Tired, stressed, run-down. Rinse and repeat. For most of us, this is the soundtrack of our busy, busy lives. But luckily, there are a number of quick pick-me-ups available at our fingertips. From drop-in meditation classes to IV treatments to power naps, you can recharge your batteries in less than half an hour. The latest remedy? Just breathe.
That’s right. Oxygen bars are back. The trend that started back in the mid-nineties has made a comeback, thanks in part to portable canisters and celebrity champions like Gwyneth Paltrow. Wellness junkies had a chance to chill out with some oxygen therapy at The Goop Wellness Summit this past June. Fans say that a few puffs of “pure” oxygen will lead to boosted energy, better sleep, improved concentration and less stress.
Wait, don’t you already breathe in oxygen all day every day? Here’s what you need to know about getting an extra boost with recreational oxygen therapy.
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The Oxygen Bubble Effect
The idea is simple: Saddle up to an oxygen bar or buy a canister of portable oxygen and inhale highly concentrated O2 — 90+ percent oxygen. Instead of inhaling the 21 percent of oxygen in the everyday air you breathe in, proponents claim that this heftier dose delivers more oxygen to your muscles, brain and cells. More oxygen means a better range of health benefits that make you feel good.
But the truth is your body is already at full oxygen-carrying capacity. Oxygen enters through the lungs and into the bloodstream, where it hitches a ride on the hemoglobin in your red blood cells. “If you have normal lungs at sea level, your hemoglobin is essentially saturated with oxygen. Taking in more is not going to increase the amount of oxygen carried by the blood by any significant amount,” says Dr. Norman Edelman, Senior Scientific Advisor with the American Lung Association and Professor of Preventative Medicine, Internal Medicine and Physiology and Biophysics at the State University of New York at Stony Brook. “It’s unlikely there is a physiological effect. You’re not delivering more oxygen to the brain or muscles.”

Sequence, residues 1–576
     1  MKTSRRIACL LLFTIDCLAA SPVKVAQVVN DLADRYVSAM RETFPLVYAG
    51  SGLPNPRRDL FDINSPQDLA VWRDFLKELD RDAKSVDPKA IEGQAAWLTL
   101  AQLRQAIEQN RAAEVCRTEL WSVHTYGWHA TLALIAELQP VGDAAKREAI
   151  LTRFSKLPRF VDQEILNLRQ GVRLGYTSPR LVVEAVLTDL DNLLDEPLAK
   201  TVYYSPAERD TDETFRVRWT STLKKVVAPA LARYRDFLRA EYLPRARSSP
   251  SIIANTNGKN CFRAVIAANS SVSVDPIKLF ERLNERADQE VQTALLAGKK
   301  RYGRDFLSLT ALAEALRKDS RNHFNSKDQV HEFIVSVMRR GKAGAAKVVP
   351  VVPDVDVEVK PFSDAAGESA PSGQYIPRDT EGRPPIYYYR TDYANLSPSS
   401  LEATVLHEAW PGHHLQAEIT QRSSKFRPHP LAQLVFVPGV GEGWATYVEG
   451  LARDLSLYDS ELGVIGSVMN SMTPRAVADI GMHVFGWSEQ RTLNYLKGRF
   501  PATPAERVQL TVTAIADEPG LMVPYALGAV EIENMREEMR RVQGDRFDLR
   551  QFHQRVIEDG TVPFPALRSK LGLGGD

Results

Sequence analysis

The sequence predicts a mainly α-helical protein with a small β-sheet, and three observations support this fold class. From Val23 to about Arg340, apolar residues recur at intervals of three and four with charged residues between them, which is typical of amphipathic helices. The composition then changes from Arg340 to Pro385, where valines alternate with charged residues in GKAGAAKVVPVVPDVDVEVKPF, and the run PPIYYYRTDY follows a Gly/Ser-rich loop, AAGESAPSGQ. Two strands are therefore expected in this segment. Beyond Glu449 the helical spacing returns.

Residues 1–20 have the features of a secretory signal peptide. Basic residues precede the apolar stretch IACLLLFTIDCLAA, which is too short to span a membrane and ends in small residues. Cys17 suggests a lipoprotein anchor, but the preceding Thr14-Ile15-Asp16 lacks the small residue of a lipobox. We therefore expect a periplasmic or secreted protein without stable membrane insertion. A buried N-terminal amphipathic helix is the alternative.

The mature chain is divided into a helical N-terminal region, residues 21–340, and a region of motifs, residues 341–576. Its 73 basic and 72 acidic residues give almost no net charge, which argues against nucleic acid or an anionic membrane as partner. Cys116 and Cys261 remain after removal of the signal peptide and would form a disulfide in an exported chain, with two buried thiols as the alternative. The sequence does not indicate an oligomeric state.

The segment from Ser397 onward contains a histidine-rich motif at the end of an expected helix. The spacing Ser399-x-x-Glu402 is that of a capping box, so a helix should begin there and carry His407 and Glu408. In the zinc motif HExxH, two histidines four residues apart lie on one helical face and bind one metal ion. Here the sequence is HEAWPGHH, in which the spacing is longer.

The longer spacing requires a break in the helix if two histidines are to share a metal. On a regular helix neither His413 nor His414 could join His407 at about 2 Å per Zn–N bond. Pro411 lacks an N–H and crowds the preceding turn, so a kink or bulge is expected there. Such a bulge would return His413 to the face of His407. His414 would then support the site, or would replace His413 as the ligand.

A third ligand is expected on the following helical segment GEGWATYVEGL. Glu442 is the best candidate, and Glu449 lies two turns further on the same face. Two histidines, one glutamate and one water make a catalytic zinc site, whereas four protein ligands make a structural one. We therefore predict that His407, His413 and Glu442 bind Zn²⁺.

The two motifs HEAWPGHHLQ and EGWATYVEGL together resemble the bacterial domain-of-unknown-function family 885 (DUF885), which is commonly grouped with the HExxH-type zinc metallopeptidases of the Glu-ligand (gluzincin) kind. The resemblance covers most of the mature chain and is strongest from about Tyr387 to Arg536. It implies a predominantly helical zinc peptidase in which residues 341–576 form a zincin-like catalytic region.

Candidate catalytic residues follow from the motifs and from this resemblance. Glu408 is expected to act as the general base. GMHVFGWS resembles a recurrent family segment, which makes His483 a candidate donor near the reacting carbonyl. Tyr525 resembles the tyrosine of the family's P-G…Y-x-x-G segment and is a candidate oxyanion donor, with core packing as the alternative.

There’s one case where supplemental oxygen may be helpful, says Edelman. And that’s after vigorous exercise. “After a football player makes a long, hard run, he goes to the sidelines, picks up a mask and breathes in some oxygen,” he says. Edelman explains that during a hard workout, physiological changes occur that stimulates your body to breathe more. “After vigorous exercise, [extra] oxygen may make you feel better,” he says.
While there is some scientific research on the effect of supplemental oxygen on athletic performance, the jury’s still out.
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Oxygen Therapy: Is It Just Hot Air?
It may seem like there’s no harm in breathing concentrated air, but Edelman notes that oxygen is an irritant. While most oxygen therapy sessions last 15 to 20 minutes, longer sessions could irritate and inflame the mucus membranes lining your respiratory system.
Plus, recreational oxygen often comes in scented or flavored varieties. Since oxygen bars and portable oxygen isn’t regulated by the Food and Drug Administration, it’s hard to say what’s exactly pumped out through those nose tubes and canisters. Edelman cautions that those with allergies or asthma may react to artificial or strong scents. And those with lung conditions such as chronic bronchitis should probably steer clear, too.
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For those who do claim to feel better after a dose of oxygen? You might be just experiencing a placebo effect. “It may give a sense of euphoria and if it does, I don’t know how it does that,” says Edelman.
A better, cheaper alternative? Step away from your computer, take a walk outside and breathe in the fresh air.
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